Wakefield Waterfront Project
In place of the advertised topic for Saturday 3rd March the Society was fortunate to have the services of Pam and Phil Judkins. This project has involved members of Wakefield Historical Society as well as our own members. For the first twenty minutes a dvd was shown with Pam as a guide explaining the aims of the project. She showed how the growth of Wakefield through the centuries led to it becoming an important inland port. A series of maps were on display that showed the increasing number of mills and warehouses that were built along the river along with pockets of terrace houses for the workers. Many of these buildings have now gone but those remaining have been or will be converted for other uses such as office space or leisure. An example of the latter is Rutland Mill that will become an extension of the Hepworth Gallery. Phil then continued the story elaborating on issues raised in the film. For example he showed how the importance that malting mills had on Wakefield’s economy. The barley grown came by boat, later by rail, from Lincolnshire and East Yorkshire. After it was processed much of the finished product was transported to breweries in Lancashire as well as the rest of Yorkshire. In the 1930s slum clearance saw the removal of a number of mills and old housing. The Soke mill by the weir that had stood for centuries was demolished and a new bridge was constructed over the river Calder. Phil ended his talk by praising the work done by Stella Robinson and for the display she had arranged based on the waterfront project. The next meeting April 7th is Christine Leveridge and ‘Wakefield in old picture postcards.’ All enquiries to firstname.lastname@example.org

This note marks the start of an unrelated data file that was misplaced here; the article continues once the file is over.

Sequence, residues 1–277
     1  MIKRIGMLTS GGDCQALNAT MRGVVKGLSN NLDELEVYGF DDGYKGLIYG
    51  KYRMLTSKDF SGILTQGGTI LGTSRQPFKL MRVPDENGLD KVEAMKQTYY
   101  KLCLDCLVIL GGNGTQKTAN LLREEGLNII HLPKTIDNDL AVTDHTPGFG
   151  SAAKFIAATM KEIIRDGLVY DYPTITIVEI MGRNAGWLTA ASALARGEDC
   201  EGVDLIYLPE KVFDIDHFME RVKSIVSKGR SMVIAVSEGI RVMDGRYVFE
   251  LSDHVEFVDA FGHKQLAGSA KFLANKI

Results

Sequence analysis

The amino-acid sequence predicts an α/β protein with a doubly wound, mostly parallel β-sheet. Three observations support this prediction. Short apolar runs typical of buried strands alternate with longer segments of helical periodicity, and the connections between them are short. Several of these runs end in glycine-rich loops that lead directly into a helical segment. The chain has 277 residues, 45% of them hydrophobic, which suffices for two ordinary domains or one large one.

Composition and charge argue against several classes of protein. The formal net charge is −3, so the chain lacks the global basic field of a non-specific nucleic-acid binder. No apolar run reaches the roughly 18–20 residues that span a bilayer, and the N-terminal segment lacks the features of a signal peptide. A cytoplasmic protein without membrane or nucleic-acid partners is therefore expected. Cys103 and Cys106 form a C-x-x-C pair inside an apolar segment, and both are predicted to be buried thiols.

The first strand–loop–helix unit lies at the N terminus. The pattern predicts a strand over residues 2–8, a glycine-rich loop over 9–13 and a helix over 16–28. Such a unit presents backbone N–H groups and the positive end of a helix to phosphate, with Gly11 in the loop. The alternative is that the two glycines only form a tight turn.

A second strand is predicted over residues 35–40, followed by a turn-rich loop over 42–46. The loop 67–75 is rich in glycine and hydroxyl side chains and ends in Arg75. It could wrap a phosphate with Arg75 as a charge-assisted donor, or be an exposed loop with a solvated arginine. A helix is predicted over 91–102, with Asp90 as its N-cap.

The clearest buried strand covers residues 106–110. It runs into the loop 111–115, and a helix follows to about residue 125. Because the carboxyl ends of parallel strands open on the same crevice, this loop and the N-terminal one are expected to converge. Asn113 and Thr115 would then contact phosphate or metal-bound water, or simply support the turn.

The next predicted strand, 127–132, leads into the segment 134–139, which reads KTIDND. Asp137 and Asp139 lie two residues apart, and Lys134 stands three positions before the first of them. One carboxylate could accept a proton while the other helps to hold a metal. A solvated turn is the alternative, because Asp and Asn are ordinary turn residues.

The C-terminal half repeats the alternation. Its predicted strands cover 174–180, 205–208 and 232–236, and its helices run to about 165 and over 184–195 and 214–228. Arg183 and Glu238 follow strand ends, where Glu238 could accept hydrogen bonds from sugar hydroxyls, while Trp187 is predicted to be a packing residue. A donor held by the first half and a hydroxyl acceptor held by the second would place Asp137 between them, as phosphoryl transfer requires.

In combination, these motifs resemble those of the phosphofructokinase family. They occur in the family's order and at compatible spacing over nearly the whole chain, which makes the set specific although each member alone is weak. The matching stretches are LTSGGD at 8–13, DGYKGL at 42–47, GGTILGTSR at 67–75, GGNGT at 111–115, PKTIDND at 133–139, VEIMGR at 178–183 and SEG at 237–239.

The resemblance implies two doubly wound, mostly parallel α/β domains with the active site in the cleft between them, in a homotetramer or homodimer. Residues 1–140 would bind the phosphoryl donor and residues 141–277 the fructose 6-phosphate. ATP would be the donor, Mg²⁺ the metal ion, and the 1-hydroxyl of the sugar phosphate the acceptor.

The Topping Tooters of the Town
Our Christmas treat on Saturday 2nd December was a musical presentation by the Doncaster Waites. This was an assembly of five players dressed in early 17th century costume playing a medley of songs from the said period. The Waites were originally medieval ‘watchmen’ who patrolled towns during the night. However the musical tradition dates from the 15th century. Doncaster’s Waites provided music for dances, marriages and various civic occasions from 1557 until 1832. The players, three women and two men, described the instruments used which ranged from recorders and an early form of trombone to bagpipes and a hurdy gurdy! Their explanations were followed in turn by renaissance style music and song. For those who would like to find out if any ancestor was a member of a Waites group several suggestions were offered. Anyone with the name of Waite or any derivation of that name or the surname Piper, could provide a link. Also try searching for a will or look into various trades that an ancestor might have. The enjoyment provided was evident and also the amount of interest shown was highlighted by the many questions asked at the end. There is no meeting in January. We meet 3rd February when Claudia Sternberg’s talk is ‘WW1Internment camps in Lofthouse and Ruhleben.’